Report from Vinitaly 2017

The 51st annual Vinitaly trade fair, the world’s largest wine event (by at least some measures) and an unparalleled showcase for Italian wine, took place (as always) in Verona, Italy, April 9–12. Vinitaly is part spectacle, part family reunion, part madhouse, part study hall, and entirely worth the price of admission.

The scale of this event is mind-boggling for first timers. More than 4,000 exhibitors fill nearly two million square feet of exhibition space spread over more than a dozen airplane-hangar-size halls. The exhibitors are mostly Italian wineries showing off their current releases and making deals with the hordes of buyers and importers who are prowling the floor. But there is also a small contingent of wine producers from 30 or so other countries in the International Hall, as well as an assortment of service providers and an impressive array of equipment vendors with items ranging from corkscrews to harvesting machines.

Attending the fair this year were some 128,000 visitors, Vinitaly says. Could be. There was certainly a stadium’s worth of people on the opening day, Sunday. In past years, Sundays were like Disneyland on the most crowded summer day, only with free-flowing alcohol. But last year, Vinitaly established a policy of admitting only members of the wine trade to the grounds, which cut back drastically (if not entirely) on the groups who came for an all-you-can-drink Sunday afternoon party. (For them, there is now a robust schedule of events in the city of Verona with music, food, and lots of wine.) Sunday is still the busiest day, though, and the only day when most people really dress up. That’s when you’ll see Italian style on parade, with outfits ranging from trendy to classic to high fashion to the occasional nice-try-but-let’s-not-do-that-again. The entire fair used to be like that, but most attendees have come to the conclusion that tight, bespoke tailored suits and designer dresses with €200 high-heel shoes are not necessary to the business of doing business, so more comfortable clothes are standard by Monday.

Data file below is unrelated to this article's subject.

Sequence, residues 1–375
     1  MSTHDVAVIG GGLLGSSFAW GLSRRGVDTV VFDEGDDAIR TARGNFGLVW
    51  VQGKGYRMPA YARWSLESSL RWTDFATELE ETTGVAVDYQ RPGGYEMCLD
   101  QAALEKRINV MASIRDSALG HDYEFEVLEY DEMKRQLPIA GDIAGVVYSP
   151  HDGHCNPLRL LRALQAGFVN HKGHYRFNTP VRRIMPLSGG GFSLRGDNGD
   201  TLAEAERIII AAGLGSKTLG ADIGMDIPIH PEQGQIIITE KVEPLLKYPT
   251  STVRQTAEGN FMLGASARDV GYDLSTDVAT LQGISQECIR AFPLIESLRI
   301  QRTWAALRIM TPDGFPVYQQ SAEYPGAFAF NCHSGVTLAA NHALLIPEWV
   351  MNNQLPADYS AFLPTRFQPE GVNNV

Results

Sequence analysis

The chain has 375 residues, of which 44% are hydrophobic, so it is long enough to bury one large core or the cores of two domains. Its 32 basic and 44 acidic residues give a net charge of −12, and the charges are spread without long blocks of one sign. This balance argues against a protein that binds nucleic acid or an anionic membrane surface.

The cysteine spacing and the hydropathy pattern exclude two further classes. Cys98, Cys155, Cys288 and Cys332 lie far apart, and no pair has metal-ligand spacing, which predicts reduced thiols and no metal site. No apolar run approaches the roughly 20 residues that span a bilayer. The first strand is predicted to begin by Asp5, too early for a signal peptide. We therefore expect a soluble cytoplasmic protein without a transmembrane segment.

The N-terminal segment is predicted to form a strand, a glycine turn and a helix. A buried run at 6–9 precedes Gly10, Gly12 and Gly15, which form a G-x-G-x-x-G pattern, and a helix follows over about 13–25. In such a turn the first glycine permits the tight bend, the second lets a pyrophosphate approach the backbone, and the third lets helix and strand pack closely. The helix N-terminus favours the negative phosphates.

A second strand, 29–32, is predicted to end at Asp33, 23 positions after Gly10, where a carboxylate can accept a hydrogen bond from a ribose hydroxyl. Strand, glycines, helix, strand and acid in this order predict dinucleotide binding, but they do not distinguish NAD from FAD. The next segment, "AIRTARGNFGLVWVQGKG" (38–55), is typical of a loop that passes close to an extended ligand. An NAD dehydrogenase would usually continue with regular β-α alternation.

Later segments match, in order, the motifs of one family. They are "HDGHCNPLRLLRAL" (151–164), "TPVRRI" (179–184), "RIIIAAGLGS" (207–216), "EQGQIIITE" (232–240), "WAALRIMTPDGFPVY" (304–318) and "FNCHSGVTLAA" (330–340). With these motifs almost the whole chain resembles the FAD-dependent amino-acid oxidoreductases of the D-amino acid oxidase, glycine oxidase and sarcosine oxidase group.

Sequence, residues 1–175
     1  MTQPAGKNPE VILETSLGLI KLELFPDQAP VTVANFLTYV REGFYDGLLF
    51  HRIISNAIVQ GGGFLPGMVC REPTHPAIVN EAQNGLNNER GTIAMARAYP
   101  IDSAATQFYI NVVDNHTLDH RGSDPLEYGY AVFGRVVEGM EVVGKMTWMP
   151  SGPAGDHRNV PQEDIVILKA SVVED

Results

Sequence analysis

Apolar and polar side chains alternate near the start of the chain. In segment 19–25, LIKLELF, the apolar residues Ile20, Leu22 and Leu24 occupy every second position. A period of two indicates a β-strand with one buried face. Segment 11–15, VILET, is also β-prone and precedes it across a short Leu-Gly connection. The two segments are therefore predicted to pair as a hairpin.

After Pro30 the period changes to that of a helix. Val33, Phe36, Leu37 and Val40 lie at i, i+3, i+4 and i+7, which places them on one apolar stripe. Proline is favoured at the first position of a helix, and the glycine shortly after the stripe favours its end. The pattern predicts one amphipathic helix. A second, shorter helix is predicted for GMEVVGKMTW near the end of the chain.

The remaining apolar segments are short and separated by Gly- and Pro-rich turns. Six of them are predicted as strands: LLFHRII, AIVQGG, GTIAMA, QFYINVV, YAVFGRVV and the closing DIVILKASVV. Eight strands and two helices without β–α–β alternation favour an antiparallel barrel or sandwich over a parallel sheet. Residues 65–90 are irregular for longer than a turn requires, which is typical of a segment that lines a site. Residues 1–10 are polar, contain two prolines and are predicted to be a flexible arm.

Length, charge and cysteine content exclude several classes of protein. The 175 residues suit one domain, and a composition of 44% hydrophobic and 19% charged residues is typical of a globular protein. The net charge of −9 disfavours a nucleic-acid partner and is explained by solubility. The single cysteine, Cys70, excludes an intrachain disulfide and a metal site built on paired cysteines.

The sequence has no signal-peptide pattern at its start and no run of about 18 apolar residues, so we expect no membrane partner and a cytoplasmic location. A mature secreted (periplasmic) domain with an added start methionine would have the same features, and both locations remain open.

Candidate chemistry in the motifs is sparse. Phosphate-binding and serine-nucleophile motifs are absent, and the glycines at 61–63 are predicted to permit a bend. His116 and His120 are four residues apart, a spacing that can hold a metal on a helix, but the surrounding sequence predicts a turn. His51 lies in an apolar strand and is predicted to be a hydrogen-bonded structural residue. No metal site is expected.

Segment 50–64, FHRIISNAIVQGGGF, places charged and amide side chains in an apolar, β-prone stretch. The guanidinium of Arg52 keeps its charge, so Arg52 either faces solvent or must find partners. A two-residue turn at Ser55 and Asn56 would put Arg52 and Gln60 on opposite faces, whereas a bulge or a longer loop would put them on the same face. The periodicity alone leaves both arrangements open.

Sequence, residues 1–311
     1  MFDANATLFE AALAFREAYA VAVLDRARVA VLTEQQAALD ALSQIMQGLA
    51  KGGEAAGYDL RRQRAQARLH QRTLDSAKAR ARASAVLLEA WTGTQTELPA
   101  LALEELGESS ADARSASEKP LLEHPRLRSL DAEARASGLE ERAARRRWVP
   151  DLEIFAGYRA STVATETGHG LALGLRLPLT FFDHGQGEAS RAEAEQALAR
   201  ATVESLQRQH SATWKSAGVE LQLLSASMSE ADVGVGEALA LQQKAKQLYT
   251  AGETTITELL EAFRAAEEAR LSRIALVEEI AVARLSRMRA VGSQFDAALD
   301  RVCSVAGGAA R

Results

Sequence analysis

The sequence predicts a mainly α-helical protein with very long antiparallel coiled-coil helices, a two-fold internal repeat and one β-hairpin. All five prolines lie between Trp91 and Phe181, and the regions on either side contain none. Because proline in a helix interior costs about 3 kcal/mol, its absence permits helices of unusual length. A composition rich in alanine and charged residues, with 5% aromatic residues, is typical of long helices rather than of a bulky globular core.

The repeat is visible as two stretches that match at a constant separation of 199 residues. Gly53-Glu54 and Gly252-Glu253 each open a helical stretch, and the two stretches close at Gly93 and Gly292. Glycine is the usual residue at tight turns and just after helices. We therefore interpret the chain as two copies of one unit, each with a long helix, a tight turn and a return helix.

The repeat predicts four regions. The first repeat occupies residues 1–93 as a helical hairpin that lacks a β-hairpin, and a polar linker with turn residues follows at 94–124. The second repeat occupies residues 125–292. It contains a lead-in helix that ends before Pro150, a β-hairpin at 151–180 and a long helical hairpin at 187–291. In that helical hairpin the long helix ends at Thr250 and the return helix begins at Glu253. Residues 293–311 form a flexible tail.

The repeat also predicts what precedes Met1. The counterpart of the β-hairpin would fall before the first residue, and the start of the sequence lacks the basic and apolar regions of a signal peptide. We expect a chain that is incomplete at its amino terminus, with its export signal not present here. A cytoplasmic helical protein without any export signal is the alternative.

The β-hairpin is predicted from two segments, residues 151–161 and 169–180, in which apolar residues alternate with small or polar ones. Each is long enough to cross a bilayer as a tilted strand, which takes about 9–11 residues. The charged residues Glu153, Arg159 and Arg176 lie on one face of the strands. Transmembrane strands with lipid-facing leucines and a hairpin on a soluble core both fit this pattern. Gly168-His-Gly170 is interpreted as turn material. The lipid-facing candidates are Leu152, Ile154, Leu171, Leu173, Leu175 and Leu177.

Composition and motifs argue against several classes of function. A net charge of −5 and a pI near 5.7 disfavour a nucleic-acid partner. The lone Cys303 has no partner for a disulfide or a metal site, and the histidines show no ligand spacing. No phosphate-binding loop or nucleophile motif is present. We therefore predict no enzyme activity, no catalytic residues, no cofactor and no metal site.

Monday is usually a good day at Vinitaly. The crowds are a bit smaller, so you can have more success getting to the wines you really want to taste, and exhaustion hasn’t yet set in. By Tuesday, both attendees and vendors are starting to tire, but it’s quieter still and you can take things at a more leisurely pace. Wednesday, the last day, can be a great day or a big disappointment, depending on your goals. A lot of attendees leave town on Wednesday, but so do many of the winery principals. If you just wander and enjoy some unfamiliar wines, the day can be very interesting. But don’t be surprised if a majority of stands are boxing up their wines by midday on Wednesday.

Apart from tasting lots and lots of great wines, the fair can be a very educational experience. There are hundreds of classes, seminars, panels, and conferences, some of them in large auditoriums and some in small common areas among the winery stands. It’s hard to find out about many of them, because only the biggest ones are really well publicized (and they may be ticketed and full before you hear about them). But each region and some of the larger denominations have their own series of presentations that you will find out only about by drifting through their respective areas and seeing the signs (Sunday’s the time to do this). The large events often have simultaneous translation for non-Italian speakers, but many other presentations are in Italian only. If you don’t speak any Italian, going to a press conference or a technical panel discussion is probably not going to be worthwhile, but presentations with wine tastings can be interesting even without translation.